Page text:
- Industry: Manufacturing
- Product(s): @RISK
- Application: Supply Chain Management
Green supply chain management (GSCM) is the integration of environmental thinking into supply chain management. As green supply chain (GSC) considerations typically introduce different operational activities and processes to the supply chain, they also create new uncertainties and risks which can have a significant impact on a manufacturing-based business. Palisade risk analysis software @RISK was used to identify and evaluate the operational risks of implementing a GSC for a well-established plastic manufacturing company in India, which is detailed in the white paper, Monte Carlo Simulation Based Approach to Manage Risks in Operational Networks in Green Supply Chain, co-authored by Dr. Sachin K. Mangla with the Indian Institute of Technology Roorkee and Graphic Era University - Dehradun.
@RISK enabled us to not only predict the type of risks that could happen, but also anticipate what risks were most likely to happen. This enabled us to create a model that provides companies with visibility into the potential ecological-economic gains of a green supply chain, as well as recommendations to best manage the operational risks.Dr. Sachin K. Mangla, Indian Institute of Technology Roorkee and Graphic Era University
As the public becomes more aware of environmental issues and global warming, consumers are asking more questions about the products they are buying, with the result that a growing number of companies are considering the move to green manufacturing processes and supply chains. However, 'going green' can be a complex transition from an operational perspective, and not all companies are convinced that improved environmental performance will lead to financial gains. "Many companies are concerned that changing their established processes and implementing a green supply chain could result in lower quality products, delayed shipments, or even a loss of business," explained Dr. Sachin K. Mangla of the Indian Institute of Technology Roorkee and Graphic Era University - Dehradun.
A company's supply chain includes everything from purchasing, planning and managing the use of materials, to shipping and distributing the final product. Any delay or disruption can cause the supply chain to break down, which in turn can have a catastrophic impact on the business. This makes a company's decision to transition to a green supply chain (GSC) daunting, as it needs to identify, understand and evaluate all potential risks and consequences before 'going green' at an operational level. "Supply chain management is a key area of focus for businesses wanting to modernize and optimize their profits," said Mangla. "We wanted to build a risk analysis model that would help the increasing number of manufacturing companies that might be considering the move to a green supply chain."
With its headquarters in Sendai City in Miyagi Prefecture, Hitachi Solutions East Japan Ltd. is responsible for data and risk analysis of supply chain management, production, sales and inventory planning and management. They are also responsible for research and development of analytical methods and the creation of new products (including new packages and cloud-based services). For Hitachi, risk management means the analysis and repetition of potential risk factors, identification of risk, prioritization, and follow up action and monitoring.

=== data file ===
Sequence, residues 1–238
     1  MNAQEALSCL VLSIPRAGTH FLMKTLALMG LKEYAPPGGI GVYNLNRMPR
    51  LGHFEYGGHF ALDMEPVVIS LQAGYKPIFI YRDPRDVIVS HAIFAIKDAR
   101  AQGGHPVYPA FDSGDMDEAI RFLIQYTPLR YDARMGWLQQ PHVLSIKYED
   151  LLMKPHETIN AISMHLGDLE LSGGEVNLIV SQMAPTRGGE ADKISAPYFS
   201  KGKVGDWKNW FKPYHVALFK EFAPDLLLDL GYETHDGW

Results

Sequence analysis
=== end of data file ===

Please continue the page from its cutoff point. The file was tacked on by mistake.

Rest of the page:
There are a wide variety of risks in the manufacturing industry, including fluctuating variables such as demand, price, and foreign exchange. For demand fluctuation, for example, the amount of supply (production and procurement) is decided based on demand forecasts. If the forecast is wrong and there is a supply shortage, then the company will miss opportunities to increase sales. If there is too much supply, then there are inventory or disposal costs. Price and currency fluctuations are also important factors for risk management in the manufacturing sector, and the improvement of forecast accuracy through risk analysis is essential to mitigate these risks.
A Multi-Stage Process
To create the green supply chain (GSC) model, Mangla and the team interviewed several senior managers, IT managers and supply chain professionals within plastic manufacturing to identify operational risks that could disrupt the supply chain. These risks included machine, equipment or facility failure, process design problems, lack of skilled labour, system or software failure, and green technology inadequacy. After generating time-based effects for each of these risks to help measure the potential delays and disruptions to the GSC, the team identified the consequences for each of these risks: delays in production (time), materials and labor (cost), brand impact, health and safety, and product quality.
Mangla and the team knew they would need to run Monte Carlo simulation to address the wide range of uncertainties associated with these risks and consequences. The team analysed the data using Palisade's @RISK software, using Triangular distributions to determine the minimum, maximum and 'most likely' potential disruptions to the GSC. "We also found @RISK's sensitivity analysis feature extremely useful, as it provided an easy and efficient way to determine the average potential disruption of materials and products for each of the identified risks," said Mangla.
The results generated a wide variety of possible risk scenarios, as well as associated probabilities. "@RISK enabled us to not only predict the type of risks that could happen, but also anticipate what risks were most likely to happen," said Mangla. "This enabled us to create a model that provides companies with visibility into the potential ecological-economic gains of a green supply chain, as well as recommendations to best manage the operational risks."